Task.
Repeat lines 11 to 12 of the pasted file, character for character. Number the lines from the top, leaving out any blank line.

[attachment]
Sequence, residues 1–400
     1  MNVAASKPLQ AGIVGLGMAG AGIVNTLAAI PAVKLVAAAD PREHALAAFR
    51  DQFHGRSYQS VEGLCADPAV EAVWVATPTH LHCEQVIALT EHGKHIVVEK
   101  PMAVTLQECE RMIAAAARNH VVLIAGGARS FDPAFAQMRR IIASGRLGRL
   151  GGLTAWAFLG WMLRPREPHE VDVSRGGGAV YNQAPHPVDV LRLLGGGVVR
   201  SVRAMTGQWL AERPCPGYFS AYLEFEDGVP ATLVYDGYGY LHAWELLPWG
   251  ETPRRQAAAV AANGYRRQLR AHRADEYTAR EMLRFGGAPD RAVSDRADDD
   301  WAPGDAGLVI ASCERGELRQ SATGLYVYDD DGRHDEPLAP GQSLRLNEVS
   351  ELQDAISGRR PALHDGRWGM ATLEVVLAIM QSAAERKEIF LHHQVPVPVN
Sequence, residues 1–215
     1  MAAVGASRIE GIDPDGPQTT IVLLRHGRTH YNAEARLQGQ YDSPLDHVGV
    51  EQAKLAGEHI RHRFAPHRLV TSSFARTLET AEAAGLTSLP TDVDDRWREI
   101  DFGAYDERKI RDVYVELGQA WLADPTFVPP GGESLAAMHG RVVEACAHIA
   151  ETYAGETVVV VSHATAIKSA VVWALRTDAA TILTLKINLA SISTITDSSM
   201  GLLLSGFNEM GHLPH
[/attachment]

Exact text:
     1  MAAVGASRIE GIDPDGPQTT IVLLRHGRTH YNAEARLQGQ YDSPLDHVGV
    51  EQAKLAGEHI RHRFAPHRLV TSSFARTLET AEAAGLTSLP TDVDDRWREI